People for the Ethical Treatment of Animals et al v. Whole Foods Market Inc. et al

Filing 42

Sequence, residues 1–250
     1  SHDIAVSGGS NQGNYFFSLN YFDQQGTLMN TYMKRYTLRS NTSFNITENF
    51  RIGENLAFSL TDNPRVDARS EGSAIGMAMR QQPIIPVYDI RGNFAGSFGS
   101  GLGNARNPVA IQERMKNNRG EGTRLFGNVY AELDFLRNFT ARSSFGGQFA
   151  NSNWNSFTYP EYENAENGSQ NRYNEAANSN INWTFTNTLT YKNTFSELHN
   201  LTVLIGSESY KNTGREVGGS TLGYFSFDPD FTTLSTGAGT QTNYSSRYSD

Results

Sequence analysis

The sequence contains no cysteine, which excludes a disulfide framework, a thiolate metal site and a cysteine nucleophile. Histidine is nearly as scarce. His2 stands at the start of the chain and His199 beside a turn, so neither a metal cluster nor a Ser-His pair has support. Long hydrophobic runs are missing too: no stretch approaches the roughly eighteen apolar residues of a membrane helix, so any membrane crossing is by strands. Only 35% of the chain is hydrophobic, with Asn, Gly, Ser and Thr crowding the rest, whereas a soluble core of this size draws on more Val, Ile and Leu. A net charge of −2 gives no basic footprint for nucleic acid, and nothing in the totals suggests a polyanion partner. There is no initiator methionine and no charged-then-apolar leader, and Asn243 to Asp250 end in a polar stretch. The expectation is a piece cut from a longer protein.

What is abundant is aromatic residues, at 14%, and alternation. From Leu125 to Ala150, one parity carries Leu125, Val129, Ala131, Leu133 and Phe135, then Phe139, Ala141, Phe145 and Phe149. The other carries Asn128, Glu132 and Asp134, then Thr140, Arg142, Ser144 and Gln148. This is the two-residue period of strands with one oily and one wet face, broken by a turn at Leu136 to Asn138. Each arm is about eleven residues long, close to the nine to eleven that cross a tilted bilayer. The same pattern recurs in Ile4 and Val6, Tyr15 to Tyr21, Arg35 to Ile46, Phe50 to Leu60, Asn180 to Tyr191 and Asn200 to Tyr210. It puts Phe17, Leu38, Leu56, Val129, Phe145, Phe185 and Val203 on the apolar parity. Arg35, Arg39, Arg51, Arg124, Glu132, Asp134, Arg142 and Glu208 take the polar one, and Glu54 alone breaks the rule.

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1 2 3 4 5 6 7 UNITED STATES DISTRICT COURT 8 NORTHERN DISTRICT OF CALIFORNIA 9 10 United States District Court Northern District of California 11 PEOPLE FOR THE ETHICAL TREATMENT OF ANIMALS and LORI GRASS, Plaintiffs, 12 13 14 15 v. WHOLE FOODS MARKET CALIFORNIA, INC., et al., Case No. 15-cv-04301 NC ORDER GRANTING IN PART AND DENYING IN PART DEFENDANTS’ MOTION TO DISMISS PLAINTIFFS’ SECOND AMENDED COMPLAINT Re: Dkt. No. 32 Defendants. 16 17 18 19 20 21 22 23 24 In this consumer class action, Whole Foods moves to dismiss Plaintiffs’ second amended complaint in its entirety without leave to amend. Whole Foods claims that Plaintiffs lack standing, that the second amended complaint fails to allege fraud-based state law claims with the specificity required by Federal Rule of Civil Procedure 9, that Plaintiffs’ claims are all preempted by federal law, and that Plaintiffs’ class action allegations fail because they fail to allege commonality. The Court finds that Plaintiffs have standing and have adequately alleged class action allegations. However, the Court finds that Plaintiffs have failed to allege their fraud-based claims with the required specificity, and that the Court cannot determine whether the state claims are preempted 25 without more specific allegations. Therefore, the Court GRANTS Whole Foods’ motion to 26 dismiss as to the Rule 9 specificity and preemption and DENIES the motion as to 27 Plaintiffs’ standing and class certification. 28 Case No. 15-cv-04301 NC 1 2 3 4 5 6 7 8 9 10 United States District Court Northern District of California 11 12 13 14 15 16 17 18 19 20 21 22 23 24 25 26 27 28 I. BACKGROUND People for the Ethical Treatment of Animals, Inc. (PETA) is an international animal protection organization. Dkt. No. 20 at 5. PETA is organized as a nonprofit corporation and charity pursuant to section 501(c)(3) of the Internal Revenue Code with headquarters in Norfolk, Virginia and offices in Los Angeles, California. Id. PETA’s “mission focuses on improving and educating the public about animal use in four main areas, including animals raised for food.” Dkt. No. 20 at 5. PETA states in the second amended complaint that “[i]t brings this case on its own behalf for injunctive relief to protect its organizational interests and resources.” Dkt. No. 20 at 6. Lori Grass is a Whole Foods customer suing on behalf of herself and all others similarly situated. Dkt. No. 20 at 3. She is a citizen of the state of California residing in Portola Valley. Id. at 6. Grass has “purchased Meat Products from Defendants’ retail store located in Mountain View and Redwood City, California, regularly over the last four years preceding the filing of the complaint.” Id. In their second amended complaint, Plaintiffs claim that Whole Foods has touted “superior animal welfare” to sell meat products at a marked up price. Id. at 13. They claim that Whole Foods has violated California law, specifically the Unfair Competition Law (UCL), Cal. Bus. & Prof. Code §§ 17200, et seq., the Consumers Legal Remedies Act (CLRA), Cal. Civ. Code § 1750, and the False Advertising Law (FAL), Cal. Bus. & Prof. Code §§ 17500, et seq. The allegations state that Whole Foods’ in-store advertisements on placards, signs, and napkins mislead customers into believing that the animals raised for meat are treated in a humane manner exceeding industry standards, specifically as shown in numerical “callouts” on a five step Global Animal Partnership rating of 1-5+. Id. at 17. However, Plaintiffs assert that the step rating does not reflect a higher quality of treatment for the animals and that the review process is insufficient, rendering the call-outs useless and misleading. Id. at 18. Currently before the Court is Whole Foods’ motion to dismiss the second amended complaint. All parties have consented to the jurisdiction of a magistrate Case No. 15-cv-04301 NC 2 1 judge in accordance with 18 U.S.C. § 636(c). Dkt. Nos. 7, 18. 2 II. 3 JUDICIAL NOTICE Both parties have submitted motions for judicial notice with documents they wish 4 the Court to consider. See Dkt. Nos. 33, 37. Neither party has objected to the other’s 5 motion for judicial notice and judicial notice is granted to both parties’ documents. The 6 Court has reviewed the documents in considering the present motion. 7 III. LEGAL STANDARD 8 A motion to dismiss for failure to state a claim under Rule 12(b)(6) tests the legal sufficiency of a complaint. Navarro v. Block, 250 F.3d 729, 732 (9th Cir. 2001). On a 10 motion to dismiss, all allegations of material fact are taken as true and construed in the 11 United States District Court Northern District of California 9 light most favorable to the non-movant. Cahill v. Liberty Mut. Ins. Co., 80 F.3d 336, 337- 12 38 (9th Cir. 1996). The Court, however, need not accept as true “allegations that are 13 merely conclusory, unwarranted deductions of fact, or unreasonable inferences.” In re 14 Gilead Scis. Secs. Litig., 536 F.3d 1049, 1055 (9th Cir. 2008). Although a complaint need 15 not allege detailed factual allegations, it must contain sufficient factual matter, accepted as 16 true, to “state a claim to relief that is plausible on its face.” Bell Atl. Corp. v. Twombly, 17 550 U.S. 544, 570 (2007). A claim is facially plausible when it “allows the court to draw 18 the reasonable inference that the defendant is liable for the misconduct alleged.” Ashcroft 19 v. Iqbal, 556 U.S. 662, 678 (2009). 20 If a court grants a motion to dismiss, leave to amend should be granted unless the 21 pleading could not possibly be cured by the allegation of other facts. Lopez v. Smith, 203 22 F.3d 1122, 1127 (9th Cir. 2000). 23 IV. DISCUSSION 24 Whole Foods argues that Plaintiffs’ second amended complaint should be dismissed 25 in its entirety with prejudice because: (1) both PETA and Grass lack standing to bring this 26 suit; (2) the second amended complaint fails to allege fraud-based claims with required 27 specificity; (3) all of Plaintiffs’ claims are preempted by federal law; and (4) Plaintiffs’ 28 class action claims fail due to lack of commonality. Case No. 15-cv-04301 NC 3 1 A. Standing Whole Foods claims that both PETA and Grass lack standing. Whole Foods argues 2 that “Plaintiff Grass admits that she does not recall what advertising she reviewed and 3 therefore cannot allege the element of reliance required for each of her claims.” Dkt. No. 4 32 at 9. Whole Foods also states that PETA “has not alleged any facts demonstrating a 5 diversion of time or resources that might demonstrate its standing.” Id. 6 Plaintiffs argue that both Grass and PETA have alleged sufficient facts to show their 7 standing. Dkt. No. 36. Specifically, the second amended complaint includes Grass’ 8 allegations that she saw in-store advertisements at the Whole Foods in Mountain View and 9 Redwood City, California, and purchased meat products “that she would not have 10 purchased had she known that Whole Foods does not ensure compliance with its animal 11 United States District Court Northern District of California welfare standards or that key standards do not ensure meaningful improvement over 12 common industry practice.” Id. at 27. PETA states that it has standing because it has 13 alleged a “diversion” of its organizational resources and a frustration of its mission of a 14 well-informed public due to Whole Foods’ actions. Id. at 28. 15 16 1. Grass’ Standing Federal courts evaluate motions to dismiss for lack of standing pursuant to Federal 17 Rule of Civil Procedure 12(b)(1), which authorizes a party to move to dismiss a lawsuit for 18 lack of subject matter jurisdiction. Fed. R. Civ. P. 12(b)(1); White v. Lee, 227 F.3d 1214, 19 1242 (9th Cir. 2000). To establish standing within the meaning of Article III, a plaintiff 20 must show “injury in fact,” causation, and redressability. Lujan v. Defenders of Wildlife, 21 504 U.S. 555, 560-561 (1992); Sprint Communications Co., L.P. v. APCC Servs., Inc., 554 22 U.S. 269, 274 (2008). 23 To have standing under the FAL, CLRA and UCL, Grass must claim to have relied 24 on the alleged misrepresentation and suffered economic injury as a result of the challenged 25 practice or advertising. See Cal. Bus. & Prof. Code §§ 17535, 17204. The California 26 Supreme Court in Kwikset Corp. v. Superior Court, 51 Cal. 4th 310, 330 (2011), stated, “a 27 consumer who relies on a product label and challenges a misrepresentation contained 28 Case No. 15-cv-04301 NC 4 1 therein can satisfy the standing requirement of § 17204 by alleging that . . . he or she 2 would not have bought the product but for the misrepresentation.” See also Hinojos v. 3 Kohl’s Corp., 718 F.3d 1098, 1104 (9th Cir. 2013) (“[p]leading that one would not have 4 otherwise purchased the product but for the misleading advertising [] satisfies the 5 consumer’s obligation to plead a causal link between the advertising and the alleged 6 economic injury”). Here, Grass alleges that she “saw the advertising signs, placards, and/or napkins 8 described [in the Complaint] in the retail store where she purchased the Meat Products” 9 regularly over four years. Dkt. No. 20 at 6. Grass admits that she “does not recall the 10 specifics of the many advertisements she saw before she purchased the Meat Products, 11 United States District Court Northern District of California 7 [but] she does recall that superior animal welfare was a consistent theme across the 12 advertisements she saw.” Id. at 6-7. The second amended complaint asserts, “[t]hese 13 representations about superior animal welfare influenced her decision to purchase Meat 14 Products. Plaintiff would not have purchased them or paid as much had these 15 advertisements disclosed the truth.” Id. at 7. 16 Grass’ statements of reliance are sufficient for standing for her FAL, CLRA, and 17 UCL claims. Further, her assertion that she would not have paid Whole Foods’ prices for 18 the meat but for her belief on the statements about animal welfare satisfies the “injury in 19 fact” requirement for Article III standing. Grass therefore has standing. 20 2. PETA’s Standing 21 Unlike Grass, PETA is not a customer of Whole Foods. Instead, PETA alleges that 22 as an organizational plaintiff, it has standing because it has diverted resources as a result of 23 Whole Foods’ alleged unlawful business practices, which have thwarted PETA’s mission. 24 The Ninth Circuit in La Asociacion de Trabajadores de Lake Forest, 624 F.3d 1083 (9th 25 Cir. 2010) requires an organization like PETA to show that it has suffered both a 26 “diversion of its resources” and “a frustration of its mission” in order to have standing. 27 See also Animal Legal Def. Fund v. Great Bull Run, LLC, 14-cv-01171 MEJ, 2014 WL 28 2568685, at *6 (N.D. Cal. June 6, 2011). Case No. 15-cv-04301 NC 5 1 Here, PETA alleges that its mission “focuses on improving and educating the public 2 about animal use in four main areas, including animals raised for food.” Dkt. No. 20 at ¶ 3 11. In language tracking the Ninth Circuit’s requirements in Asociacion de Trabajadores, 4 PETA argues that it “has suffered a frustration of its mission of a well-informed public and 5 has had to divert resources from other PETA projects in order to urge Whole Foods to stop 6 its misleading advertising and to educate the public about the inadequacy of [Whole 7 Foods]’ standards.” Dkt. No. 36 at 28. At this stage in the pleadings, the Court takes as 8 true the allegations in the complaint. Cahill, 80 F.3d at 337. Therefore, under Asociacion 9 de Trabajadores, PETA has sufficiently alleged organizational standing. 10 B. Fraud-Based State Law Claims United States District Court Northern District of California 11 To state a claim for false or misleading advertising under the UCL or FAL, 12 Plaintiffs must allege facts showing that Whole Foods’ advertising is “likely to deceive a 13 reasonable customer.” Williams v. Gerber Products, Co., 552 F.3d 934, 938 (9th Cir. 14 2008). Plaintiffs’ claim under the CLRA must allege facts showing that Whole Foods 15 advertised its Meat Products as having characteristics, benefits, uses, qualities, 16 sponsorships, approvals or certifications that they do not have. Cal. Civ. Code § 17 1770(a)(2),(5),(7). And because their UCL, FAL, and CLRA claims contain an element of 18 fraud, Plaintiffs must satisfy the heightened pleading standards of Federal Rule of Civil 19 Procedure 9(b). Vess v. Ciba-Geigy Corp., USA, 317 F.3d 1097, 1103-06 (9th Cir. 2003). 20 21 1. Pleading Reliance With Specificity Under Rule 9(b) According to Rule 9(b), “a party must state with particularity the circumstances 22 constituting fraud.” Fed. R. Civ. P. 9(b). To satisfy Rule 9(b)’s standards, Plaintiffs must 23 allege circumstances “specific enough to give defendants notice of the particular 24 misconduct . . . so that they can defend against the charge and not just deny that they have 25 done anything wrong.” Kearns v. Ford Motor Co., 567 F.3d 1120, 1124 (9th Cir. 2009) 26 (internal quotations omitted). “Plaintiffs’ complaint must identify the who, what, when, 27 where, and how of the misconduct charged, as well as what is false or misleading about the 28 purportedly fraudulent statement, and why it is false.” Salameh v. Tarsadia Hotel, 726 Case No. 15-cv-04301 NC 6 1 F.3d 1124, 1133 (9th Cir. 2013) (internal quotations omitted). 2 Here, Whole Foods argues that that second amended complaint fails to satisfy the 3 requirements of Rule 9(b) because it does not “identify the specific advertisements upon 4 which plaintiff Grass allegedly relied.” Dkt. No. 32 at 26. Because Grass “admits that she 5 cannot remember what the advertisements stated, but simply remembers a ‘superior animal 6 welfare . . . theme’” the second amended complaint fails to “identify any particular 7 fraudulent statement, or actual source, that plaintiff Grass relied upon in purchasing meat 8 products from Whole Foods.” Id. Further, Whole Foods argues that the second amended complaint fails to “state with 10 particularity when Grass viewed any specific advertisements.” Id. Although it “generally 11 United States District Court Northern District of California 9 states” that Grass purchased unprepackaged meats during the four year period, it “does not 12 disclose when she viewed any purportedly misleading advertisements.” Id. at 27. Finally, 13 Whole Foods claims that “it is not evident from the [second amended complaint] exactly 14 which Meat Products are implicated by Plaintiffs’ claims.” Id. According to Whole 15 Foods, because Grass’ allegations are “completely devoid of any allegation as to what 16 step(s) of meat (1, 2, 3, 4, and/or 5+) plaintiff Grass purchased for each species of Meat 17 Product” Whole Foods cannot determine whether Grass alleges that she purchased every 18 rating of meat or only certain levels of meat “on reliance on particular advertisements.” Id. 19 Plaintiffs argue that their allegations are sufficient under Rule 9(b) because the 20 second amended complaint identifies the “who, what, when, where, and how of the 21 misconduct charged, as well as what is false or misleading about the purportedly 22 fraudulent statement, and why it is false.” Cafasso v. Gen Dynamics C4 Sys., Inc., 637 23 F.3d 1047, 1055 (9th Cir. 2011) (internal citations omitted). “As required by Cafasso, 24 Plaintiffs satisfy the who (Whole Foods), the what (misrepresentations regarding superior 25 animal treatment and omission that standards are not enforced or a meaningful 26 improvement), the when (since four years prior to the complaint being filed and throughout 27 the class period), the where (in-store signs, placards, and napkins), and the how 28 (misrepresentations and omissions resulting in premium payments that would not have Case No. 15-cv-04301 NC 7 1 otherwise been made).” Dkt. No. 36 at 23 (internal citations to the second amended 2 complaint omitted). 3 However, the Ninth Circuit in Cafasso specifically stated that general allegations do 4 not suffice to pass Rule 9(b) scrutiny. The plaintiff’s allegation was rejected under Rule 5 9(b) because “[t]his type of allegation, which identifies a general sort of fraudulent conduct 6 but specifies no particular circumstances of any discrete fraudulent statement, is precisely 7 what Rule 9(b) aims to preclude.” Cafasso, 637 F.3d at 1057. Likewise, here Plaintiffs’ 8 second amended complaint does not satisfy Rule 9(b) because it does not specifically 9 identify what misleading advertisements Grass relied on. 10 For example, Plaintiffs attach multiple exemplar photographs to the complaint, but United States District Court Northern District of California 11 it is not clear in the photographs which placards and signs they allege are illegal, are not 12 preempted, and were relied on by Grass. See Dkt. No. 20. At page ten of the second 13 amended complaint, the Plaintiffs have included photographs of Whole Foods’ display 14 cases of unprepackaged meats ranging from chicken breasts to steaks. Id. at 12. There are 15 small white placards inside the glass display case giving information about each of the 16 meats. Id. There is also a chart along the bottom of the display case stating, “5-Step 17 Animal Welfare Rating, Your Way Of Knowing How The Animals Were Raised,” 18 accompanied by a series of different colored boxes with each Step and a brief description. 19 Id. At the top of the glass display is another bar with the words “Country Natural” and 20 “Pasture Centered,” although the rest of the writing is cut off from the photograph. Id. 21 From this photograph and the allegations in the second amended complaint, it is not 22 clear whether the Plaintiffs object to the white placards within the glass, the statements on 23 the top bar, the bottom bar, or all three. It is also not clear what statements Grass alleges 24 she relied upon when she decided to purchase unprepackaged meat products at Whole 25 Foods. Therefore, the second amended complaint does not provide enough information to 26 satisfy Rule 9(b)’s requirement to allege specific misrepresentations. 27 28 2. Pleading A Tobacco II Advertising Campaign In In re Tobacco II Cases, 46 Cal. 4th 298, 327, 328 (2009), the California Supreme Case No. 15-cv-04301 NC 8 1 Court held that while a plaintiff alleging a UCL claim “must plead and prove actual 2 reliance,” the plaintiff “is not required to necessarily plead and prove individualized 3 reliance on specific misrepresentations or false statements where, as here, those 4 misrepresentations and false statements were part of an extensive and long-term 5 advertising campaign.” Under Tobacco II, a plaintiff may plead “an extensive and long- 6 term advertising campaign,” rather than pleading reliance on specific misrepresentations. 7 Id. Here, Plaintiffs argue that they have sufficiently alleged a Tobacco II-type extensive 8 and long-term advertising campaign, allowing them to “rely on the cumulative message of 9 Whole Foods’s advertising campaign.” Dkt. No. 36 at 25 n.97. 10 A district court in Opperman v. Path, Inc., 84 F. Supp. 3d 962, 976 (N.D. Cal. United States District Court Northern District of California 11 2015), applied Tobacco II to find that consumers had adequately alleged defendant 12 Apple’s long-term advertising campaign for class action to pass Rule 9(b) scrutiny without 13 alleging specific misrepresentations. The court stated that “once a plaintiff sufficiently 14 alleges exposure to a long-term advertising campaign as set forth in Tobacco II, she d[oes] 15 not need to plead specific reliance on an individual representation.” Id. at 977. The court 16 examined the duration and frequency of Apple’s advertising and found “that the fifteen or 17 twenty more-specific statements about sandboxing, protection of personal information, and 18 consumer privacy Plaintiffs have identified, combined with the larger and more general 19 campaign expressing Apple’s concern with privacy and security, are sufficiently related to 20 the alleged failing of the iDevices to satisfy Tobacco II’s pleading requirements.” Id. at 21 982-83. 22 Likewise, the court in Morgan v. AT & T Wireless Servs., Inc., 177 Cal. App. 4th 23 1235, 1258, 99 Cal. Rptr. 3d 768, 787 (2009), found allegations sufficient under Tobacco 24 II because, “although the advertising campaign alleged in this case was not as long-term a 25 campaign as the tobacco companies’ campaign discussed in Tobacco II, it is alleged to 26 have taken place over many months, in several different media, in which [defendant] 27 consistently promoted its GMS/GPRS network as reliable, improving, and expanding.” 28 Here, Plaintiffs argue that Whole Foods’ “advertisements create an overall message Case No. 15-cv-04301 NC 9 1 of ensuring superior animal treatment—the consumer takeaway is not in the details of the 2 ‘call-outs.’” Dkt. No. 36 at 26. Whole Foods argues that Tobacco II is inapposite because 3 there the tobacco companies were saturating the market with radio ads, posters, and other 4 forms of advertisement. Conversely here, the second amended complaint alleges that 5 Whole Foods has “inundated” Grass and other customers with signs, placards, and napkins 6 over a four year period. However, it is not clear from the second amended complaint 7 which signs and placards were deceptive advertising, over what time period they were 8 placed in the store and Grass was exposed to them, and therefore whether the alleged 9 advertising campaign rises to the level required under Tobacco II. As such, the second amended complaint fails to qualify for an exemption from Rule 9(b)’s requirement to plead 11 United States District Court Northern District of California 10 specific misrepresentations. 12 13 C. Federal Preemption The next issue is whether Plaintiffs’ state law claims are preempted by the Federal 14 Poultry and Poultry Products Act, 21 U.S.C. § 451, et seq. and the Federal Meat Inspection 15 Act, 21 U.S.C. § 601, et seq. Whole Foods claims that all of Plaintiffs’ claims are 16 preempted because the statements in the signs, placards, and napkins come from labels that 17 have been reviewed by the USDA’s Food Safety and Inspection Service (FSIS). Dkt. No. 18 32 at 8. 19 Whole Foods alleges two types of federal preemption of Plaintiffs’ state law claims. 20 First, Whole Foods argues that the federal laws “expressly” preempt state law claims based 21 on labeling approved by FSIS. Dkt. No. 32 at 8. Alternatively, Whole Foods argues 22 “conflict” preemption; the theory that the federal laws “also impliedly preempt state law 23 claims based on advertising that contains the same information as labels approved under 24 the Acts for those same products because such enforcement necessarily conflicts with the 25 authority granted to the USDA to determine whether or not the statements are false or 26 misleading.” Id. 27 28 1. Express Preemption First, Whole Foods states that the Meat and Poultry Acts include express Case No. 15-cv-04301 NC 10 1 preemption provisions that bar any state-law requirements that are not identical to the 2 federal requirements. 21 U.S.C. § 678; 21 U.S.C. § 467(e). However, this express 3 preemption must be clear. To determine the scope of an express preemption provision, 4 “we apply the assumption that the historic police powers of the States were not to be 5 superseded . . . unless that was the clear and manifest purpose of Congress.” Am. Meat 6 Inst. v. Leeman, 180 Cal. App. 4th 728, 748, 102 Cal. Rptr. 3d 759, 774 (2009) (internal 7 citations and quotations omitted). Whole Foods argues that FSIS approved labels are attached to the meat by the 8 suppliers, and the Whole Foods signs around the meat area are duplicative of the labels 10 “approved by FSIS for those products.” Dkt. No. 39 at 6. “Whole Foods receives the 11 United States District Court Northern District of California 9 Meat Products from its suppliers in crates and boxes that are labeled with FSIS approved 12 labeling that includes the GAP insignia, step rating and applicable call-out specific to the 13 enclosed products. Whole Foods displays those same Meat Products in its refrigerated 14 cases using the GAP insignia, step rating and marketing call-outs listed on the FSIS 15 approved labeling.” Dkt. No. 39 at 6. In Meaunrit v. ConAgra Foods Inc., No. 09-cv-02220 CRB, 2010 WL 2867393, at 16 17 *7 (N.D. Cal. July 20, 2010), the court dismissed the plaintiffs’ state law claims that the 18 defendant’s labels were false and misleading because defendant’s chicken pot pies 19 received pre-approval by the USDA and FSIS. Whole Foods argues that under ConAgra, 20 Plaintiffs’ claims are challenging labeling that the FSIS has approved. “The FSIS pre- 21 approved the labeling of various Whole Foods meat suppliers whose labels include the 22 GAP insignia, and the applicable step rating and marketing call-out for that meat product, 23 i.e. GAP’s Steps 1, 2, 3,4, 5, and 5+ for chicken, turkey, pork and beef.” Dkt. No. 32 at 24 18. 25 Whole Foods also cites to American Meat Inst. 180 Cal. App. 4th at 781-784, where 26 a California state court found that Prop 65 warnings were labeling. “As we have explained, 27 in Kordel, the [California] Supreme Court stated that material ‘accompanies’ a product, 28 and thus constitutes ‘labeling’ if there is a ‘textual relationship’ between the material and Case No. 15-cv-04301 NC 11 1 the product. One article or thing is accompanied by another when it supplements or 2 explains it, in the manner that a committee report of the Congress accompanies a bill. No 3 physical attachment one to the other is necessary. Material constitutes labeling if it was 4 designed for use in the distribution and sale of the product.” American Meat Inst. 180 Cal. 5 App. 4th at 784 (internal citations and quotations omitted). Plaintiffs claim that Whole Foods’ signs, placards, and napkins do not refer to 7 specific products and are therefore advertisements, not labels. Dkt. No. 36 at 10. Plaintiffs 8 distinguish ConAgra on the grounds that there, “the in-store materials promoted the 9 specific chicken pot pies made by the defendant manufacturer” while “here the in-store 10 signs, placards, and napkins do not refer to specific meat products, much less a specific 11 United States District Court Northern District of California 6 meat product from a certain supplier – instead, they refer to all of them. Thus they are not 12 labels under the Meat and Poultry Acts” and there is no preemption. Dkt. No. 36 at 12. 13 Plaintiffs argue that the Whole Foods materials give misleading explanatory statements to 14 assure customers that they “know” how the animals are treated. Dkt. No. 20 at 17. 15 This question turns on whether or not the Whole Foods signage, placards, and 16 napkins are simply reproductions of the suppliers’ labels. If they are, and the statements 17 are FSIS approved labels, then they are expressly preempted. However, if the signage, 18 placards, and napkins are not the same and are instead Whole Foods advertising, then there 19 is not express preemption. However, the second amended complaint does not provide 20 sufficient information to know whether the signage, placards, and napkins are labels or 21 advertisement. The attached photos do not clearly distinguish what signs and placards are 22 federally reviewed labels, and which are independent signs made by Whole Foods 23 promoting their fresh meats in general. Therefore, the second amended complaint does not 24 provide enough specificity to determine whether Plaintiffs’ claims are preempted. 25 2. Conflict Preemption 26 Whole Foods also argues that if there is no express preemption, “conflict 27 preemption would still bar Plaintiffs’ claims.” Dkt. No. 32 at 19. This is because “the 28 labels approved by FSIS use the same language, statements and information that are Case No. 15-cv-04301 NC 12 1 displayed in the Whole Foods’ placards, signage and napkins at the foundation of 2 Plaintiffs’ claims.” Id. Therefore, “[a]llowing a jury or court to decide whether these 3 preapproved statements are misleading would conflict with the federal regulatory scheme.” 4 Id. However, the same questions of whether Whole Foods’ signage, placards, and napkins 5 are duplicative of federally-approved labels apply to conflict preemption. 6 D. Class Certification 7 Rule 23(c)(1)(A) addresses the timing of a district court’s class certification 8 determination, and states: “Time to Issue: At an early practicable time after a person sues 9 or is sued as a class representative, the court must determine by order whether to certify the action as a class action.” Fed. R. Civ. P. 23(c)(1)(A). “Courts that have stricken class 11 United States District Court Northern District of California 10 allegations at the pleading stage have recognized that the granting of motions to strike 12 class allegations before discovery and in advance of a motion for class certification is rare 13 and have only done so in rare occasions where the class definition is obviously defective in 14 some way.” Perkins v. LinkedIn Corp., 53 F. Supp. 3d 1190, 1221 (N.D. Cal. 2014). 15 In its motion to dismiss, Whole Foods claims that Plaintiffs have failed to plead a 16 class action complaint under the Federal Rule of Civil Procedure 23(c)(1). Dkt. No. 32 at 17 31. More specifically, Whole Foods claims that the second amended complaint fails to 18 allege predominating common issues as required for class certification. Dkt. No. 32 at 32. 19 “Each of GAP’s steps is associated with a different marketing call-out that corresponds to 20 different standards and different types of meat. Thus, independent circumstances will 21 determine which GAP Call-Out each class member viewed, how each customer interpreted 22 that call-out, the type of Meat Product each member purchased in reliance on that call-out 23 and which of GAP’s standards applies to each individuals [sic] claim.” Id. 24 However, the test at a motion to dismiss is whether the class action allegations are 25 plausible. At paragraph 73 of the second amended complaint, Plaintiffs list multiple 26 common questions of law and fact for their proposed class. See Dkt. No. 20 at 28-29. 27 Plaintiffs’ class allegations are plausible at this stage, and Plaintiffs have stated that they 28 “propose to move for class certification by January 11, 2017.” Dkt. No. 38 at 8. Case No. 15-cv-04301 NC 13 1 Therefore, the Court denies Whole Foods’ motion to dismiss the class action allegations at 2 this stage in the pleadings. 3 V. 4 CONCLUSION Because the second amended complaint does not contain enough information to 5 allege fraud with the specificity required by Rule 9(b) or the Tobacco II line of cases, 6 Whole Foods’ motion to dismiss is GRANTED with leave to amend. If Plaintiffs wish to 7 file an amended complaint, they must do so by February 16, 2016. Fed. R. Civ. P. 8 12(a)(4)(A). The Court cannot rule on whether Plaintiffs’ claims are preempted by federal 9 law without more specific allegations. Whole Foods’ motion to dismiss all class action 10 United States District Court Northern District of California 11 allegations is DENIED. IT IS SO ORDERED. 12 13 Dated: January 29, 2016 14 _____________________________________ NATHANAEL M. COUSINS United States Magistrate Judge 15 16 17 18 19 20 21 22 23 24 25 26 27 28 Case No. 15-cv-04301 NC 14